Current Research & CPD

Continuing Professional Development

If you join Harlington School then your professional development which benefits the students and supports your career aspirations will be at the heart of our training programme. We constantly review the needs of the staff and the students and provide high quality training which will equip you to become outstanding teachers. The focus for the school’s training days this year is to continue to develop the quality of teaching and learning by focusing on the following:

  • High order questioning techniques;
  • Kolb’s Active Learning Cycle;
  • Providing challenge and
  • Giving effective feedback with which the students engage.

Training is not limited to the five stipulated days per year but there are weekly drop-in training sessions provided by teaching staff from across the school and have included the following topics:

  • Hooking the students into learning;
  • Talk less teaching;
  • Student led enquiry;
  • Saturation teaching and
  • Providing challenging experiences for more able students.

Education is at the core of the conversations members of staff have in their weekly timetabled Faculty Development sessions. We have a standing item on all faculty meetings in which staff are nominated to share good practice from their own teaching, reading or training.

A Teaching and Learning Area (The Hub) is being created during Easter 2014 and launched for Summer Term 2014. This will be furnished with the latest resources and pedagogical materials. Learning from one another underpins our philosophy of training and development.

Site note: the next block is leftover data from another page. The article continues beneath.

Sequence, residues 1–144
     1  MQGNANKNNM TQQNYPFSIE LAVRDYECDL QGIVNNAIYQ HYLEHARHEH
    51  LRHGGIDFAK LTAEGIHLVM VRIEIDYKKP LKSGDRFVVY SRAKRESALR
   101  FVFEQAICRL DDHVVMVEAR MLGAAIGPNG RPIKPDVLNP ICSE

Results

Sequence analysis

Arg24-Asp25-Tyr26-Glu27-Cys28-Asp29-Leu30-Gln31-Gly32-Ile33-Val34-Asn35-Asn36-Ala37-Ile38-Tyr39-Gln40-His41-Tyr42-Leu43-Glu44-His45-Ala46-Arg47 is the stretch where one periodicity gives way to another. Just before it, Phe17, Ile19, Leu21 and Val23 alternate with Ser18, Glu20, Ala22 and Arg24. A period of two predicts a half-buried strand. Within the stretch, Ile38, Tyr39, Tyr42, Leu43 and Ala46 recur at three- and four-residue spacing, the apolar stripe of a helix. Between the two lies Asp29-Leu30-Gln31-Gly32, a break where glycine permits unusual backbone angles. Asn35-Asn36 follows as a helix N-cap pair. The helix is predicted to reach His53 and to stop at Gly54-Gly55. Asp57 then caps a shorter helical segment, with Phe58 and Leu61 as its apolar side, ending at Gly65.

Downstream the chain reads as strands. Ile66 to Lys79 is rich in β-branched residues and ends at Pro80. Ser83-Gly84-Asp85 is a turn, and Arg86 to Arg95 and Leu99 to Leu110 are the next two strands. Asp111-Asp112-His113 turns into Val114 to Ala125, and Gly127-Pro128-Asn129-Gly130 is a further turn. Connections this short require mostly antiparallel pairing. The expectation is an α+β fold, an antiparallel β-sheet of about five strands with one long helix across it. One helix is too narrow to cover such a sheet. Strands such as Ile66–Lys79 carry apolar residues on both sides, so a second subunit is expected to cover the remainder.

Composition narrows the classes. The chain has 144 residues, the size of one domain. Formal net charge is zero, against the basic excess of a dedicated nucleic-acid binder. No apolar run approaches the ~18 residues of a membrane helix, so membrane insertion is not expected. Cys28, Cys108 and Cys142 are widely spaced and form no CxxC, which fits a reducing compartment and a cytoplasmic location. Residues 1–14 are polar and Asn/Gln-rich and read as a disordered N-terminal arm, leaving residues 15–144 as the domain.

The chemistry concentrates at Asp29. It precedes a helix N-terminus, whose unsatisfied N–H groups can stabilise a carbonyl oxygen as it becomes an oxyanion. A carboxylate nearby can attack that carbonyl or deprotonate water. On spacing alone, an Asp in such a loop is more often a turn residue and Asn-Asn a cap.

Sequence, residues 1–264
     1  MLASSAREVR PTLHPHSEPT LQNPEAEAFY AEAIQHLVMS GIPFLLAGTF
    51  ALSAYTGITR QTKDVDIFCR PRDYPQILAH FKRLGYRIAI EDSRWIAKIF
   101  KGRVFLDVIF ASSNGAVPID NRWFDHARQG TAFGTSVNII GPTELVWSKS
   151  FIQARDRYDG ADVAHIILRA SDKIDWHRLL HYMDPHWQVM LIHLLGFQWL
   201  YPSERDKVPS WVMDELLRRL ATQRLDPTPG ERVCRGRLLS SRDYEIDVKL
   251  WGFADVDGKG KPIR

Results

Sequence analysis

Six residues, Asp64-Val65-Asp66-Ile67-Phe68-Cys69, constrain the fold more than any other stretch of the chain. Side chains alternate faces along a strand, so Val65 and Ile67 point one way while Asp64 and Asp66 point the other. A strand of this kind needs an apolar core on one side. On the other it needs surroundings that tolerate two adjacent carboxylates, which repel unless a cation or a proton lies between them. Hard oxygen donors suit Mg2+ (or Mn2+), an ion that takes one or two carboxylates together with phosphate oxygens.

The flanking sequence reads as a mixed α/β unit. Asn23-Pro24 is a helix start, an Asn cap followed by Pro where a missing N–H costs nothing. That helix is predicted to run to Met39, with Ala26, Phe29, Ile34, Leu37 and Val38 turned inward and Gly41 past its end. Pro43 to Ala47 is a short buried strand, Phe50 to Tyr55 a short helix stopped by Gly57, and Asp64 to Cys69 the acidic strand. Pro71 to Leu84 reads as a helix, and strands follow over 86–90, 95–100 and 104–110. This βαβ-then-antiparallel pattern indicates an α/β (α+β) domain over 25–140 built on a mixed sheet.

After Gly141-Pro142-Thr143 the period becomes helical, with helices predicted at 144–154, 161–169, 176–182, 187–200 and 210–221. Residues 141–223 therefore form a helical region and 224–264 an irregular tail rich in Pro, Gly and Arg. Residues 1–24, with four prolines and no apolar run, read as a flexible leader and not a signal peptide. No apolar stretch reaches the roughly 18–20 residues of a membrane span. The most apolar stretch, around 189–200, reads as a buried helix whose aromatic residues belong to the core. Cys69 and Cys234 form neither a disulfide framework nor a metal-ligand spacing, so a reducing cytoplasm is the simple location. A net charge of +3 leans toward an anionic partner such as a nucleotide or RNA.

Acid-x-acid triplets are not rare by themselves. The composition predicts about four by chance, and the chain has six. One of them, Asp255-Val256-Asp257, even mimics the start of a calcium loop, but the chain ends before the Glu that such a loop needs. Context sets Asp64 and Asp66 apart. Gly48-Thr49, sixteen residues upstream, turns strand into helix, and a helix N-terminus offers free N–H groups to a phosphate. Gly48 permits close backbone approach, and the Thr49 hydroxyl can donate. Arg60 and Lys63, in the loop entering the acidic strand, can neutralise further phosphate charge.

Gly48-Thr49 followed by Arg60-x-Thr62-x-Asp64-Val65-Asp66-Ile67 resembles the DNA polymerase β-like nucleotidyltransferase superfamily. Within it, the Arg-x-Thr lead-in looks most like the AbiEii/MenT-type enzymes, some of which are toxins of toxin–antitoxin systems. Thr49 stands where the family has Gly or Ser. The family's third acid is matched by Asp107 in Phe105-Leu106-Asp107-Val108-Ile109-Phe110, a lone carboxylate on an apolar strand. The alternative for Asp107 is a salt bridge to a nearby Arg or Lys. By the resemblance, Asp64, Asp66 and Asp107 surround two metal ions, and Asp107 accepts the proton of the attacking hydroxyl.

All members of staff also have access to mentors and an external consultant to develop their teaching practice further and all good and outstanding teachers are encouraged to develop the practice of others in a supportive and collegiate manner.

Members of staff from all strata of our school are encouraged to embark on active research to develop aspects of their teaching. Here is an example of the successful proposal to develop questioning techniques in the classroom to accelerate student learning.

“Good learning starts with questions, not answers”.

Guy Claxton, Professor in Education and Director of CLIO Development University of Bristol.

Our aims in this area are to:

  • enable teachers to reflect upon and assess the students’ understanding;
  • encourage engagement and focus thinking on key concepts and ideas;
  • inspire learners to embrace cognitive thought at a higher level;
  • expand the use of Bloom’s taxonomy and consider other methods of questioning that can engage our wide range of learners’ needs;
  • create a ‘culture of enquiry’;
  • explore ways in which questioning can be developed within the school, to enable students to grow skills across their curriculum areas;
  • help students to become more self-reliant when they are challenged with new subject matter during their lessons;
  • use questioning beyond the classroom, to help improve the mentoring and coaching of both students and staff;
  • develop the link between progress and learning, through the style of questioning;

As Morgan and Saxton (1991) put it, ‘We learn by asking questions. We learn better by asking better questions. We learn more by having opportunities to ask more questions.’

For those wishing to delve further, we are delighted to share our staff Good Practice Directory.